Location: Hard Winter Wheat Genetics ResearchTitle: A new isolate of wheat streak mosaic virus virulent to Wsm2
|KUMSSA, TADELE - Kansas State University|
|SHOUP RUPP, JESSICA - Kansas State University|
|FELLERS, MADISON - Kansas State University|
|ZHANG, GUORONG - Kansas State University|
Submitted to: Plant Pathology
Publication Type: Peer Reviewed Journal
Publication Acceptance Date: 1/9/2019
Publication Date: 1/21/2019
Citation: Kumssa, T.T., Shoup Rupp, J., Fellers, J.P., Fellers, M.C., Zhang, G. 2019. A new isolate of wheat streak mosaic virus virulent to Wsm2. Plant Pathology. 68(4):783-789. https://doi.org/10.1111/ppa.12989.
Interpretive Summary: Plant breeders are constantly breeding new varieties that have new disease resistance genes. However, the popularity of a particular variety can lead to a large area of a single variety to be planted. Thus, a significant pressure is placed on the pathogen to evolve to overcome the resistance gene. This manuscript describes a case where a new strain of Wheat streak mosaic virus has emerged that overcomes a virus resistance gene called Wsm2 in wheat. The virus isolate was characterized for temperature effects, immunochemical reaction, and by genome sequencing. Tests show that the isolate, KSH294, has 17 amino acid changes compared to the standard strain of WSMV. Wheat geneticists need to increase their efforts to identify and utilize new sources of resistance to WSMV.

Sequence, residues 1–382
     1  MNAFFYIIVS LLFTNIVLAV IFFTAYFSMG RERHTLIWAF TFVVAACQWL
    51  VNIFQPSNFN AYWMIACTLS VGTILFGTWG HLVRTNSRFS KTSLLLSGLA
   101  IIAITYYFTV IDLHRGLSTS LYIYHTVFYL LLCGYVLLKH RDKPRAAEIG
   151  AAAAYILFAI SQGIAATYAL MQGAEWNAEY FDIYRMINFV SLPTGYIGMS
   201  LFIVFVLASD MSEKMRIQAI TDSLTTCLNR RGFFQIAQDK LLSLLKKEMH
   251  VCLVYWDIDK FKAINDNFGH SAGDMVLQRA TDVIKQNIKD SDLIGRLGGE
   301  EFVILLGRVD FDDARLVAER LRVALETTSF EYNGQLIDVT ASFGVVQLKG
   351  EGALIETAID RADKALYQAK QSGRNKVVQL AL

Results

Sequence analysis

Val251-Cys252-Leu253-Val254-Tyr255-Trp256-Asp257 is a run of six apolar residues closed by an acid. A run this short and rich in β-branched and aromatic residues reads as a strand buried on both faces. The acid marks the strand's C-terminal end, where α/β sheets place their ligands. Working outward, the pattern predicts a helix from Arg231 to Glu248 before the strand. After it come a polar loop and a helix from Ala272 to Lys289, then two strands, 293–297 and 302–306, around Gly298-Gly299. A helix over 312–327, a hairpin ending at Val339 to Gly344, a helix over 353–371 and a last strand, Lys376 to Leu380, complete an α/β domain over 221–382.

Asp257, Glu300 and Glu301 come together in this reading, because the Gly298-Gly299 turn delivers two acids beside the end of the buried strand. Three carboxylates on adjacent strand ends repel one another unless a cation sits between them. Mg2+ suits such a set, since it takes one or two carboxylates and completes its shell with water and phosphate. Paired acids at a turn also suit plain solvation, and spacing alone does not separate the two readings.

Technical Abstract: Wheat streak mosaic virus (WSMV) is an economically important pathogen of wheat causing major yield losses in regions where severe infection occurs. To detect the presence of any new virus or new WSMV strain, green foxtail (Setaria viridis L. Beauv.) plants exhibiting virus-like symptoms were sampled in a summer-fallowed wheat field at the Agricultural Research Center-Hays, Kansas State University, Hays, Kansas. These plants were tested serologically for four wheat (Triticum aestivum L.) viruses, WSMV, Triticum mosaic virus (TriMV), Wheat mosaic virus (WMoV: formerly known as High Plains virus) and Foxtail mosaic virus (FoMV). Among 38 plant samples exhibiting virus-like symptoms, four showed strong reactions for WSMV antigen using enzyme-linked immunosorbent assay (ELISA). Viruses from these four samples were isolated and transferred to wheat plants in a growth chamber for pathogenicity testing. Three isolates were avirulent to Wsm2, which provides temperature sensitive resistance to currently prevalent WSMV. However, one isolate, KSH294, overcame Wsm2. Further sequence and phylogenetic analysis of KSH294 confirmed that this isolate is WSMV, but has sequence differences making it distinct from previously identified WSMV isolates included in the phylogenetic analysis.